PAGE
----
Just a quicky: Start all stopped application pools in IIS that have the autostart property set to true. Easily with appcmd or the IISAppPool cmdlet that’s available in the IISAdministration PowerShell module. And here is how.Continue reading
Users can install and run multiple versions of the .NET Framework on their computers. When you develop or deploy your app, you might need to know which .NET Framework versions are installed on the user’s computer.Continue reading
AppCmd command is your one-stop-shop for administering Windows Server IIS web servers. In combination with WinRM it’s your Swiss Army knife for your daily routine. This post introduces appcmd and provides you with a lot of helpful appcmd examples.
By default, an IIS application pool (or “AppPool”) recycles on a regular time interval of 1740 minutes, or 29 hours. One reason for this time interval is that application pools don’t recycle at the same moment every day (every day at 07.00 for example). However, sometimes you want to change this regular time interval to specific times. And when you try to configure this in IIS Manager, it gives you an error. Luckily, AppCmd and PowerShell come to the rescue!Continue reading
Start stopped application pools with AppCmd in a loop. In my routine, I occasionally have to start multiple website application pools when they are in a stopped state. On more than one web server. Being a lazy system administrator, I find it too much work to log on every server. Therefore I start those application pools in a loop. A condition for me to start application pools is that the application pool autostart parameter is set to true. This is because I set autostart to false when I disable hacked websites, and those application pools may not be started until all problems are resolved of course. To start application pools, I use the AppCmd command.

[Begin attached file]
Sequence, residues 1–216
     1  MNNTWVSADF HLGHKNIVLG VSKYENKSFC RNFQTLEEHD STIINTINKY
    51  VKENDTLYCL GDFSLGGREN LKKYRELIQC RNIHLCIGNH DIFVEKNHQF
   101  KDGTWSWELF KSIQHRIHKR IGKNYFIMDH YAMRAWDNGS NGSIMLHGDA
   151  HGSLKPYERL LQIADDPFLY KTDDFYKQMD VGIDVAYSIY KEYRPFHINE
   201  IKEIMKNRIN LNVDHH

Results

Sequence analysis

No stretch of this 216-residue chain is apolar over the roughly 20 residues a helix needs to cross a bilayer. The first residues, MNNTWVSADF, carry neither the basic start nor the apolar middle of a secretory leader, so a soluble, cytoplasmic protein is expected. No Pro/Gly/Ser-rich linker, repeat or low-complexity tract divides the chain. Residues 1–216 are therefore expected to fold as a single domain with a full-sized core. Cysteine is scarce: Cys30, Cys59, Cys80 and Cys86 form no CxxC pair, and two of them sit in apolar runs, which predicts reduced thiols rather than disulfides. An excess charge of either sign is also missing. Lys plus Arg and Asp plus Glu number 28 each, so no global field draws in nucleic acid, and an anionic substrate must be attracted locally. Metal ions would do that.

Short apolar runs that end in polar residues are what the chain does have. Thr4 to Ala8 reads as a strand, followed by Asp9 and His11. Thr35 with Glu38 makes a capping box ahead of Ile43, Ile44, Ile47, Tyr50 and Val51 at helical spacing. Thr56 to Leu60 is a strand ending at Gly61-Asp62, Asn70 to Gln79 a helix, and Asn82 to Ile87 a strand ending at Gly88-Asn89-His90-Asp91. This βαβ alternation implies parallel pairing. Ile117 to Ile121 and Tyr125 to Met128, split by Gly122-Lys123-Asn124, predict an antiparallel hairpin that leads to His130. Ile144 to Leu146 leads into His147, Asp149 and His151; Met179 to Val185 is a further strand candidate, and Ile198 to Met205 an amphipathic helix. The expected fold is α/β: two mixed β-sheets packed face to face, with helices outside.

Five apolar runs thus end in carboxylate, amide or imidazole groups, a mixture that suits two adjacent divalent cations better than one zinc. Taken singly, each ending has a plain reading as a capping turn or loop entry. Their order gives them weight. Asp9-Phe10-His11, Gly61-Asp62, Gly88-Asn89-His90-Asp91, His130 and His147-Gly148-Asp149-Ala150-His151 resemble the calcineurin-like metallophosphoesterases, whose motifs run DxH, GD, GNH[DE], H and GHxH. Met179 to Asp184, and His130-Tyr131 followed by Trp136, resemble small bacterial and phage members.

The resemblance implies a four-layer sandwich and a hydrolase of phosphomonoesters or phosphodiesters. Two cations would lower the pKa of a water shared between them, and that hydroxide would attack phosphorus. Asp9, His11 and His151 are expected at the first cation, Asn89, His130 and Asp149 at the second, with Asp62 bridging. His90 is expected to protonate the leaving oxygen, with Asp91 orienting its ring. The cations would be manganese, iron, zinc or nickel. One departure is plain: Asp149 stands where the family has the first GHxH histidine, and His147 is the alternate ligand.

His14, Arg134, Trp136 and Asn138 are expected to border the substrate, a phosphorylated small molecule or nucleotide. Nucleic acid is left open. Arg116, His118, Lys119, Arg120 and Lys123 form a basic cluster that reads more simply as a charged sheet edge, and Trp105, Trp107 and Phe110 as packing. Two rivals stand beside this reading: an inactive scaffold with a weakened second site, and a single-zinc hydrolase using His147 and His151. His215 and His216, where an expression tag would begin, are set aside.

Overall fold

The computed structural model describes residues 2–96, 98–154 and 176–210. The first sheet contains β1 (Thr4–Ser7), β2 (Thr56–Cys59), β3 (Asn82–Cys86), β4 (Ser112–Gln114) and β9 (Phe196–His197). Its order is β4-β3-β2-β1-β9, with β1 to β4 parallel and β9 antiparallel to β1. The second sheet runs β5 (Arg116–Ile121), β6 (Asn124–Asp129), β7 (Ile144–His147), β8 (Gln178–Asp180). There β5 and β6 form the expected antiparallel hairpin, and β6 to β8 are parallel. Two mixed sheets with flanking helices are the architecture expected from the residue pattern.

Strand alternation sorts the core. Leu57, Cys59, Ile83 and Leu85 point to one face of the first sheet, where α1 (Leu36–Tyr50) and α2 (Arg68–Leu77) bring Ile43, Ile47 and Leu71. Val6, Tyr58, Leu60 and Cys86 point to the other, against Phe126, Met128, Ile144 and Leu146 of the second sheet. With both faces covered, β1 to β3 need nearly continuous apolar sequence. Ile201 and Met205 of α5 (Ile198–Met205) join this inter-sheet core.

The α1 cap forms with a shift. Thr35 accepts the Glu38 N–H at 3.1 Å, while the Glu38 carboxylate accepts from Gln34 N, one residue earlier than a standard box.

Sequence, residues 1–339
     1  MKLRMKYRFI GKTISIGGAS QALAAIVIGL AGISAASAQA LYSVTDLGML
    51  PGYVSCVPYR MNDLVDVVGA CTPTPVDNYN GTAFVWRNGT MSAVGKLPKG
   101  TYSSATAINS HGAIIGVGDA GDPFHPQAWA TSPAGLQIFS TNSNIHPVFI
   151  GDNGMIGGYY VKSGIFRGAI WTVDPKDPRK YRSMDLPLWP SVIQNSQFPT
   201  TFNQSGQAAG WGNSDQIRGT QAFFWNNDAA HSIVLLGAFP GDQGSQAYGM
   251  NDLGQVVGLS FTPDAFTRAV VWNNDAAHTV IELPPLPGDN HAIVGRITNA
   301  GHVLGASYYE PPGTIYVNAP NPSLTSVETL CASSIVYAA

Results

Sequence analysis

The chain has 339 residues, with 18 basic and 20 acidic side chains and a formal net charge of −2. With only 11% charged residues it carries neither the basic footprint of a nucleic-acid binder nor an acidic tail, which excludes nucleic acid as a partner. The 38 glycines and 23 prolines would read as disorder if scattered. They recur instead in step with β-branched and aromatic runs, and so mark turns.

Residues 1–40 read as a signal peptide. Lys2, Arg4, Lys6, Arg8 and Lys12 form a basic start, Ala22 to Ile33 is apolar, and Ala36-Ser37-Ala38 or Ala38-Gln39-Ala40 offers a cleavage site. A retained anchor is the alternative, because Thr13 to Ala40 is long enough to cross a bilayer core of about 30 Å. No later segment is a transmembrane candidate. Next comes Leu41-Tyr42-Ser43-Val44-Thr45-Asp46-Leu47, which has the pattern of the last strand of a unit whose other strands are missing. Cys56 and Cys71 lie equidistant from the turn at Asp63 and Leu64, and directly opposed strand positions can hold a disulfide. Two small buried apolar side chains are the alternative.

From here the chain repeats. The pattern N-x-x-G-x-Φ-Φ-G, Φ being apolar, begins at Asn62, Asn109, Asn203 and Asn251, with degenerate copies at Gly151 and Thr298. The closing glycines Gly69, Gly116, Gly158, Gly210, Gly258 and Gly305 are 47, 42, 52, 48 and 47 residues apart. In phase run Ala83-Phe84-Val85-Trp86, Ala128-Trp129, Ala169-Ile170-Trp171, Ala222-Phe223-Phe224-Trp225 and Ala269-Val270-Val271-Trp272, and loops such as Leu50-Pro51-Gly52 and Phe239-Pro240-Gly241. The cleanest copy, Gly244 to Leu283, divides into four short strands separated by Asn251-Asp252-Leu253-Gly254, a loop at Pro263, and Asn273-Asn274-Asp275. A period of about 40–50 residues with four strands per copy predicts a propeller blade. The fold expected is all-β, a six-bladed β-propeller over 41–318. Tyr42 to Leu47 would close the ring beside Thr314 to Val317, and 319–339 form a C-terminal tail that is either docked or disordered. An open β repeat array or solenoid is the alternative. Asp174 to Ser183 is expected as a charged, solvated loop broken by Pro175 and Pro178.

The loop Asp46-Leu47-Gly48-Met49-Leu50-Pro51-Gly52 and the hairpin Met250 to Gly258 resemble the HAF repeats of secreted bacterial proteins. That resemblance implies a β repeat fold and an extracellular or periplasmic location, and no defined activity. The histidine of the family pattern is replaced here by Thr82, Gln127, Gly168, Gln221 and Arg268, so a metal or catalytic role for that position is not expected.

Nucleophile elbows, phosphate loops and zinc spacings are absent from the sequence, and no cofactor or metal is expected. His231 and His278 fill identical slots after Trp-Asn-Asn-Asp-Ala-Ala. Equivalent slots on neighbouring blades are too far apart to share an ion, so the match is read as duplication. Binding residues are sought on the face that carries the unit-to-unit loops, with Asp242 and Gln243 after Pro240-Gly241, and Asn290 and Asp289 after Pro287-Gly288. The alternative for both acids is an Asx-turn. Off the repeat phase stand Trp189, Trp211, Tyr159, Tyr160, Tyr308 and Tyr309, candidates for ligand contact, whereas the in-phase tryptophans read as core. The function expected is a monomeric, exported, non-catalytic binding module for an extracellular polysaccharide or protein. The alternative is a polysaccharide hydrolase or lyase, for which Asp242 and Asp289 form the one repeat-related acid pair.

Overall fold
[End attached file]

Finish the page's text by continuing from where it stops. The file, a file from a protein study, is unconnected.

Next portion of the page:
PHP 7 with OPcache in IIS Express for WebMatrix 3: learn how to create your own PHP development environment easily with Microsoft WebMatrix and IIS Express and your own custom PHP version. Note: this guide also applies to newer PHP versions, just change the version numbers.Continue reading
How to target multiple ASP.NET versions with AppCmd?
When administering an IIS web server you frequently have to use
AppCmd.exe to make configuration changes. Whether it is for a specific web site or server wide. Some think AppCmd is very limited: if you don’t know the options to use, you may think you can only address the x64 .NET Framework version, or only x86, or you can only target the current active .NET Framework version. Fortunately this is not true, you can address both x86 and x64 versions of .NET with AppCmd. Read how…
Multiple vulnerabilities found in IIS 6.0 and 7.5 web servers. On the Full-Disclosure mailinglist Kingcope posted several IIS 6.0 and 7.5 bugs. Because I am a Windows Server and IIS admin, I took some time to test the various vulnerabilities …
As you’ve probably read in my post AppCmd introduction and examples, AppCmd is a very extensive tool to administer Windows Server IIS hosting environments. Therefore, now a bit more about a common error message you might get using Failed Request Tracing: